Here are a very few pictures from three days of exploration (we took ~500 pictures - only with our iPhones - but you will not be punished with them on this blog.)  When we see you, we will want to share with you personally some stories from our experience.

Our arrival was at the Dockyards at the western tip of the Island.  You can see some of the old fortifications in the background, and the high-speed ferry approaching its dock.  (Click on picture to enlarge)

Obviously part of the British Commonwealth .
We were there during the Hibiscus blooming season.  Lots of other flowers blooming also.
Famous for its pink sand beaches.  Even though the "beach season" had started a month perviously, the water was still chilly.
Though with limited time, Barbara scoured a couple of beaches for enough "sea glass" to make a necklace for herself.

Flat Sintu with some tour and taxi drivers.  It soon became obvious to us that everyone on the island knows everyone else, and is related to many of their fellow islanders.  The 20 sq mile islands is home to only 65,000 citizens.

Originally named New London, St George was established in 1612 is the oldest continuous English settlement in the Western Hemisphere.  The town and the associated fortifications are a UNESCO World Heritage site.
The House of Assembly, the white building in the far background, was originally the only house of Bermuda's parliament, and held its first session in 1620 at St Peter's Church, moving to this building later the same year.

There is virtually no  fresh water on the island.  As a result, Bermuda's roofs have evolved over four centuries to do two things: protect houses against gale-force winds and funnel whatever the heavens rain down into large cisterns that feed household taps. By law, every house must collect 80 percent of the water that falls on its roof. To build a traditional Bermudian roof, masons mortar rectangular slabs, or "slates," of local limestone to each other over a hip-roof frame.  Along the lower edges of the roof, they sculpt a long concrete trough for a gutter, which directs rainwater to a pipe that filters it and funnels it into a cistern buried under, or occasionally alongside, the house. Then they give the whole roof structure a thin wash of cement. Finally, to keep rainwater as clean as possible on its way to the cistern, they paint the roofs with special nontoxic paint (a modern replacement for traditional lime wash), which must be reapplied every two to three years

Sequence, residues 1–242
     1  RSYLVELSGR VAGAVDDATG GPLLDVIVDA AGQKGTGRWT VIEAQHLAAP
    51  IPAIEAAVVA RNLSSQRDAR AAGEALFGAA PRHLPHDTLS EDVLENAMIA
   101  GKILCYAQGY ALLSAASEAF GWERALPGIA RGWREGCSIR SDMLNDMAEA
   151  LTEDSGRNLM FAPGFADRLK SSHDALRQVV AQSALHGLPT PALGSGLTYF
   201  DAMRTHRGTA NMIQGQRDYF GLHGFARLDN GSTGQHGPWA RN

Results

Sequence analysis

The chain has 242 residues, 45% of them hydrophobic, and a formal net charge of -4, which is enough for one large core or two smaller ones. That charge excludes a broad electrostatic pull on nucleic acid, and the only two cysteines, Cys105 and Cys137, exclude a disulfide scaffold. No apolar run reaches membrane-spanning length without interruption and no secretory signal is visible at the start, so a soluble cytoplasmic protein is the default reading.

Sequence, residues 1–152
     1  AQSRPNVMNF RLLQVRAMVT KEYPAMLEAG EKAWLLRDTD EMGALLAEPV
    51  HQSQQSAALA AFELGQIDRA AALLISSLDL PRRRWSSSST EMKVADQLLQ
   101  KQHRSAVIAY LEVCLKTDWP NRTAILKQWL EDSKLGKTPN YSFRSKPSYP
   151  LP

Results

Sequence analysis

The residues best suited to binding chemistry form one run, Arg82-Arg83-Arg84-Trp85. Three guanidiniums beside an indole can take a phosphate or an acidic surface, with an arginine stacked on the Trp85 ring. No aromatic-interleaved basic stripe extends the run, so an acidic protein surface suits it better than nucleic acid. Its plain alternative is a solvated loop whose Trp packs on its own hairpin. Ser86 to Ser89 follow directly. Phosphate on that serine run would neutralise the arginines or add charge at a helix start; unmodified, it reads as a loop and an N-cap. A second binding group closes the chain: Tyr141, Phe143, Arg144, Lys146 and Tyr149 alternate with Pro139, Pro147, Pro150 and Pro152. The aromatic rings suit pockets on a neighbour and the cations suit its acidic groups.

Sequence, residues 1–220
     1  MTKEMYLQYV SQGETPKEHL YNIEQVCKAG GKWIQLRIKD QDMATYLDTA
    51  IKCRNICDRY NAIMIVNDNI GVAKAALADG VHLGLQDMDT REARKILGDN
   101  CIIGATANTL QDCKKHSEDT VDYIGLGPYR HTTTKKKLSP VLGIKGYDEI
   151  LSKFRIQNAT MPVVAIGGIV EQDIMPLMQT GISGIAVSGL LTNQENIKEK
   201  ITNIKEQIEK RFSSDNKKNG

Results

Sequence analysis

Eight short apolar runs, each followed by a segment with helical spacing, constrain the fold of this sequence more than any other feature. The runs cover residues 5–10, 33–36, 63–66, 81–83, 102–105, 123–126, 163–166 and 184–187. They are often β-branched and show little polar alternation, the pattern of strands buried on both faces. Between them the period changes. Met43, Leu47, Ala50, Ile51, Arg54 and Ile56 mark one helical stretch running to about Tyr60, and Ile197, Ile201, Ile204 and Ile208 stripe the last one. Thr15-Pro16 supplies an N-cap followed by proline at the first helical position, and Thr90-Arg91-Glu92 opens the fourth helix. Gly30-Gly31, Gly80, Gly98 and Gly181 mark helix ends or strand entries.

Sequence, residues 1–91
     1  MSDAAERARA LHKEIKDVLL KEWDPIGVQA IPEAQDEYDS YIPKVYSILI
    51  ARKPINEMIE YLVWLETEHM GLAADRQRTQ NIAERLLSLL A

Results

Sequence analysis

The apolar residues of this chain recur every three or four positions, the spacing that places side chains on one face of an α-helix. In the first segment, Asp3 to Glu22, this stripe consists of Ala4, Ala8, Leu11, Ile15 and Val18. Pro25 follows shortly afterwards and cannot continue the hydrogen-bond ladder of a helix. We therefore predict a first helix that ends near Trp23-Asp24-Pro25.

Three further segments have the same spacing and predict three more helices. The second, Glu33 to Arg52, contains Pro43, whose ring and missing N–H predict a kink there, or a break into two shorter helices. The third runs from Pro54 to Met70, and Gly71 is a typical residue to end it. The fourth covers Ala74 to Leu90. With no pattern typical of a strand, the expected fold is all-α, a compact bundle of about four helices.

The underside of a limestone roof.  .
Typical street in St George.
Tucker House in St. George’s was built in the 1750s. A magnificent collection of Tucker family silver, china and crystal, antique English mahogany and Bermuda cedar furniture, portraits by Blackburn, and exquisite hand-sewn quilts are some of the treasures on we did not get to view, as it was closed the day we were there.

St. Peter's Church, in St. George's is the oldest surviving Anglican church in continuous use outside the British Isles. It is also reportedly the oldest continuously used Protestant church in the New World

Triple tiered pulpit in St Peter's
Back to the Dockyards, there are excensive remaing of the ramparts and fortifications, some dating to the 17th century.  (Click on picture to enlarge)

The victualing yard (Click picture to enlarge)

Exploring some of the Dockyard ruins surrounding the victualing yard.

Gun emplacements on the ramparts  The entrance to the munition magazine is in the foreground. 
Hosting mechanism from the magazine to the cannon.

This 18 ton, rifled barrel, muzzle loading cannon could target ships as far as 5 miles offshore. (my hat on the ground for size reference.)

Behind a moat and protected wall is the "Keep" and in a elevated position within the keep is the Comissioneer's House

View from the Comissioner's house porch of the Keep Yard in the foreground, the victualing yard beyond that, and the Casemate Barracks in the background.  (Click picture to enlarge.)

The Comissioner's room on the main level.  (Click picture to enlarge.)

This is an open walk to the old Casemate Barracks.  It's nice that in some countries you are allowed personal responsibility . . . there were several mildly dangerous place on these old walls that would have kept it closed in the U.S.  Same for a number of other areas on the ramparts where without some attention you could fall many yards onto stone.  (Click picture to enlarge.)

The Casemate barracks were used as a high-security prison for a decade, and then abandoned.  They are currently undergoing archaeological study before restoration.  (Click picture to enlarge.)

The clocktower building has a standard clock on the left, and a tidal clock on the right.  (Click picture to enlarge.)

Just before leaving, we did a tour, from the water, of the coves along "millionaire's row".There are indeed Bermudian millionaires and billionaires here, but the foreign billionaires mostly live in  a closed, gated compound on Tucker's Point. (Click picture to enlarge.)

WE WILL BE BACK (but probably not on a cruise; for more time to explore and experience, we will fly in and stay on the island the next time.)